and it is clear that the three terms in the first pair of brackets represent precisely the number of electors who prefer A to B, which number has already been denoted by N + *c*. In the same way the remaining three terms represent the number of electors who prefer A to C, which number has been denoted by N — *b*. Hence the score of A on the first scrutiny is 2N — *b + c*. In exactly the same way it may be shown that the scores of B. C are 2N — *c + a* and 2N — *a + b* respectively. The sum of these three numbers is 6N, as it ought to be. Thus 2N is the mean or average of these three numbers, and consequently the highest of the three candidates must have more than 2N votes, and the lowest must have less than 2N votes. Now, let us suppose that a majority of the electors prefer A to B, and likewise that a majority prefer A to C; then c must be positive, and *b* must be negative. Hence the score of A, which has been shown to be 2N — *b + c* is necessarily greater than 2N, for it exceeds 2N by the sum of the two positive quantities — *b* and c. Thus A has more than 2N votes, that is, more than one-third, or the average of the votes polled. He cannot, therefore, be rejected at the first scrutiny, so that B or C or both must be rejected at the first scrutiny. If either of the two, B and C, be not rejected, A must win at the second scrutiny, for there is a majority for A against B, and also against C. Hence, then, it has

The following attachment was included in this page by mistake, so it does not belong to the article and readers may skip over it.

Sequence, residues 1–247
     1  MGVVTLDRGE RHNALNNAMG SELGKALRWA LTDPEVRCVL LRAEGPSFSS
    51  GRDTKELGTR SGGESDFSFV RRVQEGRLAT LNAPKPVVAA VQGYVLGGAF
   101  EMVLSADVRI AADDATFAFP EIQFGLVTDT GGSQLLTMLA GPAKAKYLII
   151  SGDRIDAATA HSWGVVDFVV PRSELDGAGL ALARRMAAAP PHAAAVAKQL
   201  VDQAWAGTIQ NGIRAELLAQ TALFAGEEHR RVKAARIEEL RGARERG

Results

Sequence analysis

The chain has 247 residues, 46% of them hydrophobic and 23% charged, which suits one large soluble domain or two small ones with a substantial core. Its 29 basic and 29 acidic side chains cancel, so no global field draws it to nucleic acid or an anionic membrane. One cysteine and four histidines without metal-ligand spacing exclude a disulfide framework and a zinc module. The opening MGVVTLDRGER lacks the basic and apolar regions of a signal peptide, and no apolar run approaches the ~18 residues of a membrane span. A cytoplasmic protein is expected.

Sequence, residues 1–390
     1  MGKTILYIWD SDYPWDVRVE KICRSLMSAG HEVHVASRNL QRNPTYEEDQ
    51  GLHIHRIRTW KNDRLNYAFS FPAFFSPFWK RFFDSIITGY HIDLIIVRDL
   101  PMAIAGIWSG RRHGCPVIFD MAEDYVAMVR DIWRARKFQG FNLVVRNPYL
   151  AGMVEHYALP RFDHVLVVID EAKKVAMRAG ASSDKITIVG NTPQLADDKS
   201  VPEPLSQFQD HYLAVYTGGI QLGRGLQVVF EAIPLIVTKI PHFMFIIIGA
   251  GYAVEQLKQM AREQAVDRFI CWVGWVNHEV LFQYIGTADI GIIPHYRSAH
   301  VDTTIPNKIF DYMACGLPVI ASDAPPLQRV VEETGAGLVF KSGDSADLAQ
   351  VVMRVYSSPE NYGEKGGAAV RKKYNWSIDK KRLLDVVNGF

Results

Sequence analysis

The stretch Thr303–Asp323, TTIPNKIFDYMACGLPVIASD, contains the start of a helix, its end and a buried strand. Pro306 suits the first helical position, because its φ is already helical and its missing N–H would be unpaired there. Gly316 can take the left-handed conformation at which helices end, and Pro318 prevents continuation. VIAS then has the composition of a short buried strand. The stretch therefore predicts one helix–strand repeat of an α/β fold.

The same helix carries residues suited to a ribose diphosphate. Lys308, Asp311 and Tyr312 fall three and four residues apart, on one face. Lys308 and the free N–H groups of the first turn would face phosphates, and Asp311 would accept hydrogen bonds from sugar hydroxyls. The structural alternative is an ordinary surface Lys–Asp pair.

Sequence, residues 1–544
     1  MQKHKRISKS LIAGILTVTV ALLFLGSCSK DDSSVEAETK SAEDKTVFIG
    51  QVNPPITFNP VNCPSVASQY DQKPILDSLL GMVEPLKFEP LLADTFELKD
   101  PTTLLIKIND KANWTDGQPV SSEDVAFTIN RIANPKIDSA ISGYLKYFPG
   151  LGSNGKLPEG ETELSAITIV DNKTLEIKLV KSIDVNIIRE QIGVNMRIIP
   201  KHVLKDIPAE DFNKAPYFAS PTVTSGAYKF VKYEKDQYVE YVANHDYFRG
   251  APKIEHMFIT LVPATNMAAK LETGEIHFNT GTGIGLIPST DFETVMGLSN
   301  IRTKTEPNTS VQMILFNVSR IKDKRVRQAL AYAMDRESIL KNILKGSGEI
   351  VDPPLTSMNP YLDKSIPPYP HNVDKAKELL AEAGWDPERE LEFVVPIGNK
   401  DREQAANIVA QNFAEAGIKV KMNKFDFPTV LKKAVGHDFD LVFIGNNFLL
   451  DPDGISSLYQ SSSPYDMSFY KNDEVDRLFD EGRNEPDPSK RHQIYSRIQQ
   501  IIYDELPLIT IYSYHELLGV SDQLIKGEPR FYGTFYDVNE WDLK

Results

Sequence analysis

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been demonstrated that if the opinions of the electors are such that there is a majority in favour of A as against B, and likewise a majority in favour of A as against C, the method of election which is proposed will certainly bring about the correct result; whereas it has been shown by the consideration of particular examples that the methods in ordinary use may easily bring about an erroneous result under these circumstances. Thus the proposed method cannot bring about a result which is contrary to the wishes of the majority, so that the proposed method satisfies the fundamental condition.

The method which is proposed has, I think, strong claims. It is not at all difficult to carry out. The result will, as often as not, be decided on the first scrutiny. We simply require each elector to put down the names of two of the three candidates in order of preference. Then for each first name two votes are counted, and for each second name one vote is counted. The number of votes for each candidate is then found. The third part of the sum total may be called the average; then all candidates who are not above the average are at once rejected. The lowest candidate must, of course, be below the average. The second is just as likely to be below as above the average. If he is below, the election is settled; but if he is above the average, a second scrutiny is necessary to decide between him and the highest candidate.